All of these day-to-day constraints were justified by myths about inferior black character and intelligence, reproduced in films, books, radio programs, and magazine ads.

Jim Crow violence and racial restriction are often thought be specific to Dixie. However Jim Crow cut across the boundaries of North and South. They were often restricted to domestic and retail service work. Those who found industrial employment were kept out of labor unions. Further, African Americans did not have the freedom to choose where and how to live due to the effects of state-sponsored restrictive covenants—legally binding contracts making it illegal to rent, sell, or lease housing to black people in some regions it the civil rights act of america essay other "nonwhites".

These restrictions were placed on both private real-estate sales and public housing provisions. Ultimately, the absence of a "free" housing market found black residents earning the lowest wages and paying the highest prices for the worst housing stock.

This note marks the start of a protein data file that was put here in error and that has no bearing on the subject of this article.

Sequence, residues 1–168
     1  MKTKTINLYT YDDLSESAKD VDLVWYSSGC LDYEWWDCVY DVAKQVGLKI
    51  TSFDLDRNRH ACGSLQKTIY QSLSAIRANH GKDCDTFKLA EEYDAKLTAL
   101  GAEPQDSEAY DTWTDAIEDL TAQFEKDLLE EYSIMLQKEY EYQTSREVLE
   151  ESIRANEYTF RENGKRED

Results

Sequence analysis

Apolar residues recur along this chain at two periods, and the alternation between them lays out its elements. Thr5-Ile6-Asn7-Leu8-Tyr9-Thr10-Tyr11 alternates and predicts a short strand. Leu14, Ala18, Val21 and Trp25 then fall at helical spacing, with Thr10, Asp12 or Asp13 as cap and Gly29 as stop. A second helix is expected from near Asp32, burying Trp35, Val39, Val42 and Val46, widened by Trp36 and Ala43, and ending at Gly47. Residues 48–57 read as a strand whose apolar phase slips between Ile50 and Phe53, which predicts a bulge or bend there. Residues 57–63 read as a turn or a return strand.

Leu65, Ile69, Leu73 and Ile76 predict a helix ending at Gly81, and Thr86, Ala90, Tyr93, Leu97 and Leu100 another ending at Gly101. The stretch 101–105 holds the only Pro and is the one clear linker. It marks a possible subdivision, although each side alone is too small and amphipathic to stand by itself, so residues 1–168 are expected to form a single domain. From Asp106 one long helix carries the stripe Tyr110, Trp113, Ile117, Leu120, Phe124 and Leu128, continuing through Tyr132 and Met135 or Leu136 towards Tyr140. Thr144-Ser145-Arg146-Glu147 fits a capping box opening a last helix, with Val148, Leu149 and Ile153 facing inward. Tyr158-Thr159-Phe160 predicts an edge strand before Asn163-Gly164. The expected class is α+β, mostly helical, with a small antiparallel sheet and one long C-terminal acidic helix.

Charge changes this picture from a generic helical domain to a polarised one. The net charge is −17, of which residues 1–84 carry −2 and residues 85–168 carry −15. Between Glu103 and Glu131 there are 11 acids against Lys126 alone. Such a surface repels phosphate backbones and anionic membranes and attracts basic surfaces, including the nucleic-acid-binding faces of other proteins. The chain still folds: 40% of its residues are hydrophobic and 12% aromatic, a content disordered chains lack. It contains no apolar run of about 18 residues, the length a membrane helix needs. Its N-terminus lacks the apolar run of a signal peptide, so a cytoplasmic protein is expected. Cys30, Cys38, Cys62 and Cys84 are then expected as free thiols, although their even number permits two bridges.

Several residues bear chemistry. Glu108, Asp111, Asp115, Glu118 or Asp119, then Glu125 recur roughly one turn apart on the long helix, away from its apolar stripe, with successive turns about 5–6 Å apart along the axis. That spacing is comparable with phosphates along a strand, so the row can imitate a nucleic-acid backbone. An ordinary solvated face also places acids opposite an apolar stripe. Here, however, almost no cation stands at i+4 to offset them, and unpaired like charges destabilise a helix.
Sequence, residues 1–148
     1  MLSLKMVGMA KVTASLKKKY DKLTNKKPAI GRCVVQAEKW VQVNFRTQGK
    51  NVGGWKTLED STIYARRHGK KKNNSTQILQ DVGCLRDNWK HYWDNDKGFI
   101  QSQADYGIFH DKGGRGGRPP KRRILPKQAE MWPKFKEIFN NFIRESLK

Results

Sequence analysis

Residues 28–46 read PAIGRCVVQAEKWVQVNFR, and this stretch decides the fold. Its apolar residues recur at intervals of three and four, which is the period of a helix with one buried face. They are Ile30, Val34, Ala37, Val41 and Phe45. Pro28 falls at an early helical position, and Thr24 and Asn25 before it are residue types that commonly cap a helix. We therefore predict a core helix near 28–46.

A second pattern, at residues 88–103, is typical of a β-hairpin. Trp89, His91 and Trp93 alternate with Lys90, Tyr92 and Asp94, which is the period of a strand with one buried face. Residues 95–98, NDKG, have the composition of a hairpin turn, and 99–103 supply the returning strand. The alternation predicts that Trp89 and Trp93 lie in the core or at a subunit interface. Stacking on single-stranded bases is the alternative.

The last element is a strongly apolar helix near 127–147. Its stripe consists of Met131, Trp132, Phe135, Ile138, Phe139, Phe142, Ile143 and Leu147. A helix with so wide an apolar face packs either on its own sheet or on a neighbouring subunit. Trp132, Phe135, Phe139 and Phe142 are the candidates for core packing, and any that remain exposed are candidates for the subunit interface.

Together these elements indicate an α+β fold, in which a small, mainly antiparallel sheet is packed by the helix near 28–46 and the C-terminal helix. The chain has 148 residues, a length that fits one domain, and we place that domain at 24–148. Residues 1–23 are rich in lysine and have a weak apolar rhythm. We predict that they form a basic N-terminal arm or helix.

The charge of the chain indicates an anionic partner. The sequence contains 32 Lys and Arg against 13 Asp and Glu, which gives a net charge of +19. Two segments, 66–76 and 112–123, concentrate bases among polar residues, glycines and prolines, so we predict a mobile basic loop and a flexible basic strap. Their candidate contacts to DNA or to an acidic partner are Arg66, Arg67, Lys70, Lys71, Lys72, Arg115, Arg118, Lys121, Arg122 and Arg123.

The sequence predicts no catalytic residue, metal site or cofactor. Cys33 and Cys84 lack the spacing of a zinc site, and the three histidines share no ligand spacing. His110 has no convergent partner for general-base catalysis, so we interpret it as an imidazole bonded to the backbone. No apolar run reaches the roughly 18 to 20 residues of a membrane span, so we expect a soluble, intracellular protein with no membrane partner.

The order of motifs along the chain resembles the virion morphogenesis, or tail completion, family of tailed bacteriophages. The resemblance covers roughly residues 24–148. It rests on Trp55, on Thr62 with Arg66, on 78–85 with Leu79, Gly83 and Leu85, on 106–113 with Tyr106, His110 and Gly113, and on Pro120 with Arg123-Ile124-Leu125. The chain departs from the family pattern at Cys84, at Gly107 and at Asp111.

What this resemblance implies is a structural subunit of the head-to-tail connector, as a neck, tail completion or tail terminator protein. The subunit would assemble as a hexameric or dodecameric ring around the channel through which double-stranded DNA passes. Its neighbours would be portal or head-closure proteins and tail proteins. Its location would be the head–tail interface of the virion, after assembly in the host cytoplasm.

The Civil Rights Movement

The crystallization of black ghettos left residents to the politics of gerrymandering. Voting districts cut through black neighborhoods to undermine the possibility of political power.

At the same time, neighborhood school districts were redrawn in unorthodox ways so that white students could have the best facilities and keep them all white. Yet African Americans found themselves on the margins of wartime prosperity. Federal defense spending did not desegregate jobs, public housing, or the armed forces.

President Roosevelt responded by signing Executive Order 8802 that summer.

  • America in the King Years, 1954—1963;
  • Those who found industrial employment were kept out of labor unions;